During the colder parts of the year, it can be tricky to stay warm without cranking up the heat. Fortunately, there are methods to help you stay warm that don't involve increasing your utility bill. Some are things you can do for yourself while others are tips for improving the warmth of your space.
Here are 13 simple and cost-effective ways to stay warm.
Dress in Layers
Everyone knows you should add a sweater, jacket, and other layers when you go outside in cold weather. You can apply the same principle inside, too. Layers will insulate your body and make it easier to regulate your body temperature. You can add or remove layers as needed to stay comfortable.
Wear Thick Socks or Slippers
Keeping your feet warm will make your whole body feel warmer. For an extra cozy feel, slip on a pair of ultra-warm wool stocks. Or keep a pair of slippers or shoes to wear around the house, especially if you tend to have cold floors.
Use the Oven and Stove for Cooking
The oven and stove both generate heat in your kitchen. This is why it's recommended to make no-cook and no-bake meals during the warmer months. But in the colder months, the opposite advice applies: Use the stove and oven often to add heat to your home.
Leave the Oven Open After Baking
Every time you use your oven during the colder months, leave it open after you're done baking. This will allow the hot air to escape and add heat to the room. However, be cautious about doing this if you have children or pets; make sure they can't reach the hot oven door or inside the oven. And never use the oven as a primary source of heat, especially if your appliance uses natural gas. Burning natural gas for long periods can increase carbon monoxide levels in your home.
Enjoy a Cup of Soup
Besides warming up your space, you also can warm yourself from the inside. Opt for hot meals, such as a cup of soup, on cold days. And consider making your own soup from scratch. Soup generally takes a while to cook, and the simmering pot on the stove will generate heat in the kitchen.
Drink Warm Beverages
In addition to hot meals, you can apply the same principle of warming yourself from the inside with your beverage choices. Keep coffee, tea, cider, hot cocoa, or your other favorite warm drinks on hand for when you're feeling cold. The liquid will feel toasty going down, and a hot mug is excellent for heating cold hands.
Use a Humidifier
Humid air generally feels quite a bit warmer than dry air. And running the heat in the colder months can strip your indoor air of its humidity. To balance this, consider using a humidifier. Look for the models that allow you to choose between warm and cold air; they typically cost more but are well worth it for the heating ability.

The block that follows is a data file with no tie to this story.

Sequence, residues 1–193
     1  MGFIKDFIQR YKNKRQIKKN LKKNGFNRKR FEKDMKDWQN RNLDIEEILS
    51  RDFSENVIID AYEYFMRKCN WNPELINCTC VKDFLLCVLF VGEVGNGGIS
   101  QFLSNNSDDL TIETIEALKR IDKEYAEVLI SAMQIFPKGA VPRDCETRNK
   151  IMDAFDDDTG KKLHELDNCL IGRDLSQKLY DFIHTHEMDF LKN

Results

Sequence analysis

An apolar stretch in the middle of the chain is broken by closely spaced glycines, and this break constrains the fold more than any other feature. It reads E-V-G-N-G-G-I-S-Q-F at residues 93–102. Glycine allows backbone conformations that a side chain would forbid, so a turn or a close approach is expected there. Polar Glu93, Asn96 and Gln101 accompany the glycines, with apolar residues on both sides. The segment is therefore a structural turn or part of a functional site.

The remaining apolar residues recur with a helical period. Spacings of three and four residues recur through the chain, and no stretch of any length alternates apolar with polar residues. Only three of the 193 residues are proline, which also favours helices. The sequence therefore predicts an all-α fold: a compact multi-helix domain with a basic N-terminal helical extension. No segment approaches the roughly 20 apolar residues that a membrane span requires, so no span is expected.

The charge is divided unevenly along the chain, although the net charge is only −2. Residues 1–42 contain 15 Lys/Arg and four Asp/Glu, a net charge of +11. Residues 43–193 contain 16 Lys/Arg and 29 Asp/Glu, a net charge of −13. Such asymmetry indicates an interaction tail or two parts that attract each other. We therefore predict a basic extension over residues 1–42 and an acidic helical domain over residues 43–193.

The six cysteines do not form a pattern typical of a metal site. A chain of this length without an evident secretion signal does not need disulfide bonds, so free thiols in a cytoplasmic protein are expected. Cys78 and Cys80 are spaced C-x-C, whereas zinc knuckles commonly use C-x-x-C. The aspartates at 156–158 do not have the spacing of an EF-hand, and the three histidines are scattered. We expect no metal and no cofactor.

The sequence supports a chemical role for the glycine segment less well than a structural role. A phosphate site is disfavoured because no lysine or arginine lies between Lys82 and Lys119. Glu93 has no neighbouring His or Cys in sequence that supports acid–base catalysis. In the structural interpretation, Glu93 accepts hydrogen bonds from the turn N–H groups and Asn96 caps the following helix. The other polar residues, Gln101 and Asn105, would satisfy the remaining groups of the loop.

Reverse the Ceiling Fan
It might seem counterintuitive to use a ceiling fan when you're feeling cold, but it actually can help to warm you up. Let your ceiling fan turn at a low speed in a clockwise direction during the colder months. This will help to push the warm air that rises toward the ceiling back down toward floor level.
Use Microwaveable Heating Pads
Heating pads are fairly inexpensive, and they can make a huge difference when you're cold. Use a heating pad on your hands and feet when you're sitting or lying down to feel considerably warmer overall. You can even make a basic heating pad yourself by sewing dried beans inside a piece of 100 percent cotton fabric, which you then can microwave in 30-second increments until it's at your desired temperature.
Clear Heat Vents, Registers, and Radiators
It's recommended to have your heating system inspected annually, ideally before the cold weather arrives and you must rely on it to heat your home. It's also important to make sure the heat can adequately warm your space. Pull furniture, curtains, and other items away from heat vents, registers, and radiators. If they're blocked, the heat won't be able to circulate.
Don't Run the Bathroom Fan After Showering
Because humidity can make a space feel warmer, skip using the bathroom fan when you shower. Then, leave the bathroom door wide open after your shower, so the humidity can spread to other parts of your home. However, if mold has a tendency to grow in your bathroom due to high humidity, consider using the fan, at least for a few minutes.
Spend More Time Upstairs
Hot air rises. So if you have multiple levels to your home, aim to spend more time on the upper level to take advantage of the warmer air there. You could even move your home office or TV from downstairs to upstairs over the colder months to have a cozier setting.
Do Something Active
Movement generates body heat. And there are many ways to get your body temperature up by being active. For instance, you could clean the house, exercise, tackle a home repair, or play a game. Consider setting a timer as a reminder to get up and move every so often, so your body doesn't become so cold and stiff that you don't feel like being active.